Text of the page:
III. Discussion

         The Defendants' primary argument is that all of the Plaintiffs' claims are derivative of a wrongful birth action, and because wrongful birth claims are not recognized in Georgia, the Plaintiffs' claims must be dismissed.[33] In other words, the Defendants argue that all of the Plaintiffs' claims fundamentally stand on the assertion that if the Plaintiffs had known the truth about Aggeles, the Plaintiffs' two children would not have been born. The Plaintiffs, for their part, argue that this case is not one for wrongful birth, but rather for wrongful conception.[34]

         In Georgia, wrongful conception claims generally arise when a steriliza- tion or abortion procedure goes wrong and a live birth unintentionally results.[35]In such a case, the measure of damages allows “recovery of expenses for the unsuccessful medical procedure which led to conception or pregnancy, for pain and suffering, medical complications, costs of delivery, lost wages, and loss of consortium.”[36] By contrast, wrongful birth claims normally arise when the parents contend they would have aborted the child if they had been fully aware of the child's condition.[37] While wrongful conception claims have been allowed in Georgia, wrongful birth claims have not.[38] The Plaintiffs argue that the functional differences between these two torts are (1) the timing of the tort (i.e., pre- or post-conception), and (2) whether a defendant's actions directly or indirectly caused the injury. According to the Plaintiffs, when the wrong occurs before conception and directly causes the harm, as in failed sterilization cases, the tort is allowed.[39] And when the wrong occurs after conception and indirectly causes the harm, as in failure-to-diagnose cases, the tort is disallowed.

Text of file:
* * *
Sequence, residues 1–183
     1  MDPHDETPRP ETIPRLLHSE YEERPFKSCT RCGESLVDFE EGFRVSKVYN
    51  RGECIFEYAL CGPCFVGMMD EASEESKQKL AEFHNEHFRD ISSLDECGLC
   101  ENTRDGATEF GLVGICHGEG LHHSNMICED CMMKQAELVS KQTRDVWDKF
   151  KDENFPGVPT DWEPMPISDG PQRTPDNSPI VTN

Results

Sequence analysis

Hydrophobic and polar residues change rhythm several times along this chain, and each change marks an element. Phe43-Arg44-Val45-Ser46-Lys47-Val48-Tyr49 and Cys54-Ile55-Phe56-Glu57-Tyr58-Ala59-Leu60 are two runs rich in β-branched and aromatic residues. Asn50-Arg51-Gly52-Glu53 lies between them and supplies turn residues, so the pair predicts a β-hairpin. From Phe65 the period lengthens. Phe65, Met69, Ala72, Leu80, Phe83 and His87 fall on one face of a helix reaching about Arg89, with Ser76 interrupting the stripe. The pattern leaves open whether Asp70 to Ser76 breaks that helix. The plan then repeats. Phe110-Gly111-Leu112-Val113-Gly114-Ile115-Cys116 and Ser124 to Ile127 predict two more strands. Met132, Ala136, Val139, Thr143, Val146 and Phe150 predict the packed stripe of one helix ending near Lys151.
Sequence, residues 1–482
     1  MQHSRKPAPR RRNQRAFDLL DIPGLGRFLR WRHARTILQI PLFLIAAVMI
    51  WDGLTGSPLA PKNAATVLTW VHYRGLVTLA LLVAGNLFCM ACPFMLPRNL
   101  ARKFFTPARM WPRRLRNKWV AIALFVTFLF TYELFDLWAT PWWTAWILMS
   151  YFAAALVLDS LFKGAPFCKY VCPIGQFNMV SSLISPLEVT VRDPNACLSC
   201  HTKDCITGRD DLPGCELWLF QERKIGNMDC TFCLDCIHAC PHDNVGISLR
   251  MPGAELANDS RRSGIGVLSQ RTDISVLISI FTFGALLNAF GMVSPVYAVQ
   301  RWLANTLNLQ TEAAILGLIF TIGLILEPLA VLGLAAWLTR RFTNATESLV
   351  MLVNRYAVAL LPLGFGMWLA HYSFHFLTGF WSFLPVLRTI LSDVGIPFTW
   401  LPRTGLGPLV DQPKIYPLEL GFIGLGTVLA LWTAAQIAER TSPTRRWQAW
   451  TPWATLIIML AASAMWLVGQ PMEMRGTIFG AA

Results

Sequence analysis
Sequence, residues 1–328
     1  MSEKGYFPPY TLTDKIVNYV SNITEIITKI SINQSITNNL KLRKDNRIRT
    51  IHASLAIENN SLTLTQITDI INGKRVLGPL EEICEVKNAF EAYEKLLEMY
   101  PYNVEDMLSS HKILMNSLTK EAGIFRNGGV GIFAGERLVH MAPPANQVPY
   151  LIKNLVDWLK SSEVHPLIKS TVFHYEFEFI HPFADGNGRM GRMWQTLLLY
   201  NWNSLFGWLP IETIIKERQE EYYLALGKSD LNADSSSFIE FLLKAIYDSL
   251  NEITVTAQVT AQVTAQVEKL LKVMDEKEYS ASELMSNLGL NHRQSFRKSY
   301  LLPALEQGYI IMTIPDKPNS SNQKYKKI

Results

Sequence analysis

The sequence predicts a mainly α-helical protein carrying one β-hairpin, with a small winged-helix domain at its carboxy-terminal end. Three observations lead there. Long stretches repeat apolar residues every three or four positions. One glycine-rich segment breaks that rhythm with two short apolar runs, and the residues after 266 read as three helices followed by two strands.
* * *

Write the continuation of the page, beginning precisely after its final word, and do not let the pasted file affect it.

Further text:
The Plaintiffs are incorrect. The reason why Georgia courts have looked on wrongful birth claims with disfavor is not because of the timing of the tort or the causal link between the defendant and the harm. The true difference between the two torts is the measure of damages. Wrongful birth claims are disfavored because they require the court to decide between the value of a life with disabilities and the value of no life at all. The Georgia courts are “unwilling to say that life, even life with severe impairments, may ever amount to a legal injury.”[40] In this case, the Plaintiffs essentially claim that had the Defendants been truthful with them about Aggeles's history, they would not have used his sperm and their children would not have been born.